Proposals of November 5.—The preliminary proposal was unsatisfactory to Shelburne. He accordingly sent Henry Strachey, an under official, to assist Oswald in making other arrangements. About this time Adams also arrived from The Hague. The negotiations proceeded without serious complications and in November a second draught was ready. In several important particulars it differed from the previous document. The Maine boundary on the east was to be a line drawn through the middle of the St. Croix River to its source, and thence directly north to the highlands which divide the rivers of the Atlantic from those which empty into the St. Lawrence; the line was to follow those highlands to the northwesternmost head of the Connecticut River, thence down that river to the forty-fifth parallel, and then straight west until it struck the Mississippi. British creditors were to "meet with no lawful impediment to recovering the full value or sterling amount of such bona fide debts as were contracted before the year 1775," but compensation to Loyalists was studiously omitted. A secret article was added to the effect, that if at the end of the war Great Britain should be, or should be put, in possession of West Florida, the boundary separating that province from the United States should be "a line drawn from the mouth of the river Yazoo,... due east to the river Apalachicola, and thence along the middle of that river to its junction with the Flint River, etc."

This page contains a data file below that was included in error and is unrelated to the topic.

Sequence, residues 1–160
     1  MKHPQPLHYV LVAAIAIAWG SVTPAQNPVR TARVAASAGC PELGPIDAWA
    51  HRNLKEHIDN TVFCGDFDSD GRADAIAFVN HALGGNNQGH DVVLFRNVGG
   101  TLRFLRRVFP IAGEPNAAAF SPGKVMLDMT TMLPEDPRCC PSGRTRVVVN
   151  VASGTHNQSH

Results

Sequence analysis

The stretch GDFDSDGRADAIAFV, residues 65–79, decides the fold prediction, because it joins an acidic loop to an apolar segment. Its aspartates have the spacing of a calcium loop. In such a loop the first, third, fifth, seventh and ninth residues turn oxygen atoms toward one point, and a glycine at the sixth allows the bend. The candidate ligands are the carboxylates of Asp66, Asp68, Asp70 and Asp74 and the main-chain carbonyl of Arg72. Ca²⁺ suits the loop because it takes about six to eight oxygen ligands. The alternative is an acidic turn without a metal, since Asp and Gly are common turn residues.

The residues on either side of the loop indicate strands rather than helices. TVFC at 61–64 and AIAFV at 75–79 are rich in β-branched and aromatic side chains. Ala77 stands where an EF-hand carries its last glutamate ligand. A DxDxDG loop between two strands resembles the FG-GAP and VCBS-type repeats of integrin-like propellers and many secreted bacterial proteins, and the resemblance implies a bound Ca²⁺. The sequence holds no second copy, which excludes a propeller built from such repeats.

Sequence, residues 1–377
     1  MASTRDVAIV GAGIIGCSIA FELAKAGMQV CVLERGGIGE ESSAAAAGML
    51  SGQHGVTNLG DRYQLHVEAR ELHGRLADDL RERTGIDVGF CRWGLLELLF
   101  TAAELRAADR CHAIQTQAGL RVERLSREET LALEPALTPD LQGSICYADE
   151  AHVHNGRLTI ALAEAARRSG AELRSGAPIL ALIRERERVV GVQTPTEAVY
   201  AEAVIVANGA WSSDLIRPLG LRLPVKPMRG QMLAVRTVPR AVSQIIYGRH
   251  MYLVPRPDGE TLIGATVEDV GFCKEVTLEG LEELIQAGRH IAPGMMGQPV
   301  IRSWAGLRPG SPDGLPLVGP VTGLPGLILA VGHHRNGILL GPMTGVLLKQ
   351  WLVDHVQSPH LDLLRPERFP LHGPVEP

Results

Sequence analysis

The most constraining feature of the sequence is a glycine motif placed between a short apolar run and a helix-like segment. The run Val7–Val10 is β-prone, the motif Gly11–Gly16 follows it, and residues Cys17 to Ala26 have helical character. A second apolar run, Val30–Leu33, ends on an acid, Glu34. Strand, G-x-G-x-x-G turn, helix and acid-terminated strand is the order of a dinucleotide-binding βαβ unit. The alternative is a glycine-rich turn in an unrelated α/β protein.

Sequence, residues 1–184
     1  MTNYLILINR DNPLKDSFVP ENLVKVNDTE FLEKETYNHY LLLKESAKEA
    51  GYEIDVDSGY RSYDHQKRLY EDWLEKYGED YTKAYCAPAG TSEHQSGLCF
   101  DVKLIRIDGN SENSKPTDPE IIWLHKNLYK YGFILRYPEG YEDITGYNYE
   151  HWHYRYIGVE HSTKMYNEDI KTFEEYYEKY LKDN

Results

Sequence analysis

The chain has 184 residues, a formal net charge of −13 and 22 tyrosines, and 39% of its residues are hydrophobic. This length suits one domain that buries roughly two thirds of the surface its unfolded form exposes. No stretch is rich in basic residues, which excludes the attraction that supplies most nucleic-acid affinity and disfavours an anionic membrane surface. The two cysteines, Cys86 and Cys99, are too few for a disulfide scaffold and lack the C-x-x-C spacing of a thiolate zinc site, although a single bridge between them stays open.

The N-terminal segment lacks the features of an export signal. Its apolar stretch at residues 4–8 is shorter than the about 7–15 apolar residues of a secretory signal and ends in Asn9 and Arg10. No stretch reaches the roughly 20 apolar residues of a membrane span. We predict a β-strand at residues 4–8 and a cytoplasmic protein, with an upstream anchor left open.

British proposal of November 25.—The failure to provide for the Loyalists caused the English government to submit other propositions which differed in two important particulars from the previous proposals. The northern boundary was changed west of the point where the Connecticut River crossed the forty-fifth parallel. From that point it was to follow the present international boundary to the Lake of the Woods, and from the northwestern point of that lake was to run due west to the Mississippi. The southern boundary was to leave the Mississippi at "the northernmost part of the 31st degree of north latitude," then "to be drawn due east ... in the latitude of 31 degrees north of the equator to the middle of the river Apalachicola," and from there it was to follow the line of the proposal of October 8. Articles were also inserted which provided that restitution should be made of all estates, rights, and properties in America which had been confiscated during the war, that no one was to suffer in life or person, or be deprived of property on account of the part which he had taken in the war, that imprisoned Loyalists were to be set at liberty and pending prosecutions dropped. The right of Americans in the use of the fisheries were somewhat abridged.